Th at earlier Guy Memo noted that Facebook recognizes 50-some identities and writers need to know at least key labels beyond the older LGBT as defined by Yale Divinity School:

Please respect our Commenting Policy

Keeping up: Transgender challenges ahead for news media and 'mainline' Protestants

Keeping up:  Transgender challenges ahead for news media and 'mainline' Protestants

The New York Times reported this week that the Donald Trump Administration is considering, for federal purposes, a definition that a person is male or female “based on immutable biological traits identified by or before birth,” supplemented if necessary by genetic testing. That would overturn a policy under President Obama to recognize transgender identities.

The Times team repeatedly used the new “Mx.” identifier preferred by Jill Soloway in a lengthy October 14 feature about pro-transgender media. Formerly a married heterosexual raising two sons, Soloway now identifies as “non-binary” after “peeling off” physical femininity (breasts, clothing, hair, makeup) so that “I’m like nothing. Just human.” Soloway produces films and plans to publish a book about “gender-creative” parents who keep their child’s gender “a secret.”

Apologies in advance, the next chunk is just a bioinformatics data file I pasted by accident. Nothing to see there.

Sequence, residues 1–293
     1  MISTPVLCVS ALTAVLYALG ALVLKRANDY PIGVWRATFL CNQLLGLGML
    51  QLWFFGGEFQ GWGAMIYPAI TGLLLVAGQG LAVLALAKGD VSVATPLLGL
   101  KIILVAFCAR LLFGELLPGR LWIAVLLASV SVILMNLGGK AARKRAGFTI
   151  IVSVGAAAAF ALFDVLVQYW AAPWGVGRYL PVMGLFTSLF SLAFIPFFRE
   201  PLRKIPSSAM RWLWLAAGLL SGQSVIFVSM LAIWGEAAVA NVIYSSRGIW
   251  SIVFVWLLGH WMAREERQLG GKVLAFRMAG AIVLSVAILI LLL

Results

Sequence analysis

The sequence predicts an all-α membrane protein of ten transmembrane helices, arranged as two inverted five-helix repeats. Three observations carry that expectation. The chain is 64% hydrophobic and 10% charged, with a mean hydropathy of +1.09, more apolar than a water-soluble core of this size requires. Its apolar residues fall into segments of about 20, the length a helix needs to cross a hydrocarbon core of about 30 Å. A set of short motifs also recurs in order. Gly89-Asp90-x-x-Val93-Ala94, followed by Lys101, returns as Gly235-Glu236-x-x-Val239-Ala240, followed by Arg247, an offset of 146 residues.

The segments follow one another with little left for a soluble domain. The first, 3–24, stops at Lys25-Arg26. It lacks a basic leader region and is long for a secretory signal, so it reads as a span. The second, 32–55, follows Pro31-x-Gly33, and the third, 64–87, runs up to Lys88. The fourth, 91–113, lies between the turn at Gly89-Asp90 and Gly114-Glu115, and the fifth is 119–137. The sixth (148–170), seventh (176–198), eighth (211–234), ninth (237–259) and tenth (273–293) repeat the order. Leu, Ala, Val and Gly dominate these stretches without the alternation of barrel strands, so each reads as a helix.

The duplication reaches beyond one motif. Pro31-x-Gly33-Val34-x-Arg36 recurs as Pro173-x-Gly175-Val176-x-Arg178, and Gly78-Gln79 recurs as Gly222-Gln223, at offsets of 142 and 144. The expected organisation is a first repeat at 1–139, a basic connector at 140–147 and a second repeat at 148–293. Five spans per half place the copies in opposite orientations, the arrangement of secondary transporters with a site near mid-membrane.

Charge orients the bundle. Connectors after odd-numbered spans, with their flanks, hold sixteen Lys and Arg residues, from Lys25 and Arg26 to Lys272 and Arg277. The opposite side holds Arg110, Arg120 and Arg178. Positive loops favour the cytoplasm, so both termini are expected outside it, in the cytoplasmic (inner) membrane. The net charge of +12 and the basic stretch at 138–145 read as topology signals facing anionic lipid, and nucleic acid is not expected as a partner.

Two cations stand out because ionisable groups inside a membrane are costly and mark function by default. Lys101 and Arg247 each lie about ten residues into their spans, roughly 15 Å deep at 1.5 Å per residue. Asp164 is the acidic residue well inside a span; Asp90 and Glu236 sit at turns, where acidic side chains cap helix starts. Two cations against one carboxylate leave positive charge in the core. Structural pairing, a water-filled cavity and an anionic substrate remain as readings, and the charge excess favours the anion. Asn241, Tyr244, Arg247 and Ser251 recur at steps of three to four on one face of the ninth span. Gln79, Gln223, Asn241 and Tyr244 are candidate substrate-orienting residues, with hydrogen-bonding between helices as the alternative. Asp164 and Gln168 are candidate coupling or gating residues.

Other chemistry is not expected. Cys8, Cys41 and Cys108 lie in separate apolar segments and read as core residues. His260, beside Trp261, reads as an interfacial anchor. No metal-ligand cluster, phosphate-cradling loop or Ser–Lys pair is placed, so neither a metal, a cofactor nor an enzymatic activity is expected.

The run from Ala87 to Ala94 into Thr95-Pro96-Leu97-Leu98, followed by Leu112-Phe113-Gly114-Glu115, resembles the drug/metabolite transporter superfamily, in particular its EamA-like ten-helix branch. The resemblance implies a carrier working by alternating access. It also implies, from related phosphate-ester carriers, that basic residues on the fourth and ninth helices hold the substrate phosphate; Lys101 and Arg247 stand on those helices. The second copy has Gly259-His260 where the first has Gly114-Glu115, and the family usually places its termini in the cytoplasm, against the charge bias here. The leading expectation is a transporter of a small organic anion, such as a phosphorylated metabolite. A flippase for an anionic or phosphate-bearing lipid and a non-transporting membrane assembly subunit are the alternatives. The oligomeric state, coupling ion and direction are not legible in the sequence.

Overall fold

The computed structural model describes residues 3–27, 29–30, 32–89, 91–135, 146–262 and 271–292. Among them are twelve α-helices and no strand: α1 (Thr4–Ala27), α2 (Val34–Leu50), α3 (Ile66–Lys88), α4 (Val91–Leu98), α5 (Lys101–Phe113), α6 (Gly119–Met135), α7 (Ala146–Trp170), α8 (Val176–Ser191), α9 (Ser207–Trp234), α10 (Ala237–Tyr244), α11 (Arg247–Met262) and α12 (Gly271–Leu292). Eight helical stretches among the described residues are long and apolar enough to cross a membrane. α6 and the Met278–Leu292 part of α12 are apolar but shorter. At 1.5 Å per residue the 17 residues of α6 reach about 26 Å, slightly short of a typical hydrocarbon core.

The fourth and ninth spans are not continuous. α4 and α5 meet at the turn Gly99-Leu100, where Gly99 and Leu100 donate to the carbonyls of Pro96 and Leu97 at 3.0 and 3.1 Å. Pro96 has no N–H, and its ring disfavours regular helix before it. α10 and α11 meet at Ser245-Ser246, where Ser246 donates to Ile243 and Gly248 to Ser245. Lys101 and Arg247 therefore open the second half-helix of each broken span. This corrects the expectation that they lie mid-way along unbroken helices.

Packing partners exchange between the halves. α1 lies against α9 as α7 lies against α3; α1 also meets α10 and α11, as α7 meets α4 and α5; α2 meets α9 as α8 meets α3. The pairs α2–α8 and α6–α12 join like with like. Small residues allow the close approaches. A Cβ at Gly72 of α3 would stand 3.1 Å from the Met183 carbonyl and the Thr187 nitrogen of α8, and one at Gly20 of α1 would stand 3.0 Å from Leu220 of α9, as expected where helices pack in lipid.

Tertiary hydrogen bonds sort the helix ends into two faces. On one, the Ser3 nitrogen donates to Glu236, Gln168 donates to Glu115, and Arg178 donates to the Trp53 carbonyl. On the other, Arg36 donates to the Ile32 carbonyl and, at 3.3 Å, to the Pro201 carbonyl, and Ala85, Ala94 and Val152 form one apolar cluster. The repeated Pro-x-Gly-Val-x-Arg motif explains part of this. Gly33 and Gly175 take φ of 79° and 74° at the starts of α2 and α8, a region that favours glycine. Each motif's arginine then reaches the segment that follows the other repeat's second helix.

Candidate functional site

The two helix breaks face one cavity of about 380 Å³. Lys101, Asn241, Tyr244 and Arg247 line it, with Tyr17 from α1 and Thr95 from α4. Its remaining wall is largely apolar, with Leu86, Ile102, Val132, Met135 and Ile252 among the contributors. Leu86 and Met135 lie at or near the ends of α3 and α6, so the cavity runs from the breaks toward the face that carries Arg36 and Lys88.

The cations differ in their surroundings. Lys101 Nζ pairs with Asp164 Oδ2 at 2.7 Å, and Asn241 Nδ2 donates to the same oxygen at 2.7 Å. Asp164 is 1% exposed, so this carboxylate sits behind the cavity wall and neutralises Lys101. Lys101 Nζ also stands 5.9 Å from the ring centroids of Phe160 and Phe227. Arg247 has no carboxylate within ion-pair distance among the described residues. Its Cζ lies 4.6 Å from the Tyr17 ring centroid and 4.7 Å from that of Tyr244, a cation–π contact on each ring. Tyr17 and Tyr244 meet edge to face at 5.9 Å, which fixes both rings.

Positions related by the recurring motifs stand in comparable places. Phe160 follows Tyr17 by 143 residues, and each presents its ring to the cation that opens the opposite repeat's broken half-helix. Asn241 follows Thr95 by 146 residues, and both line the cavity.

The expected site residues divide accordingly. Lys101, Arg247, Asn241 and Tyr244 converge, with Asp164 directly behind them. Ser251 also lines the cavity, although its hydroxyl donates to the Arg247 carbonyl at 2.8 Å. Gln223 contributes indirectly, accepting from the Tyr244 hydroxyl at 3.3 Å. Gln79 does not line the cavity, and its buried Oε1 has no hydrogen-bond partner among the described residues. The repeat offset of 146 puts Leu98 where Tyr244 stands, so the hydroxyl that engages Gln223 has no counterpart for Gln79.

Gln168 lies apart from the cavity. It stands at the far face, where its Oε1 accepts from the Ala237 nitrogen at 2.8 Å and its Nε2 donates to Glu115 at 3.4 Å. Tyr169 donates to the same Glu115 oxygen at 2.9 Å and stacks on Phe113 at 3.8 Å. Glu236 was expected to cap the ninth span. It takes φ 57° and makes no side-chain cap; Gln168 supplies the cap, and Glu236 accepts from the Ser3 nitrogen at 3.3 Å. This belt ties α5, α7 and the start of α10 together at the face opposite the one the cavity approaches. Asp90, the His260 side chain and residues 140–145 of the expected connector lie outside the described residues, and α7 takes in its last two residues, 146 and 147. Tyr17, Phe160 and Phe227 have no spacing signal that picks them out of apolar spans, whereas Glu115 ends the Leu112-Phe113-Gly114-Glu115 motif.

Weeks before that, the Times “Ethicist” column fielded a questioner’s “moral aversion” against attending friends’ “gender reveal party” to celebrate their firstborn because that would affirm “gender binarism.” Prof. Kwame Appiah’s response deemed attendance OK assuming the parents would be equally happy if an infant girl later becomes “a boy, or neither a boy nor a girl.”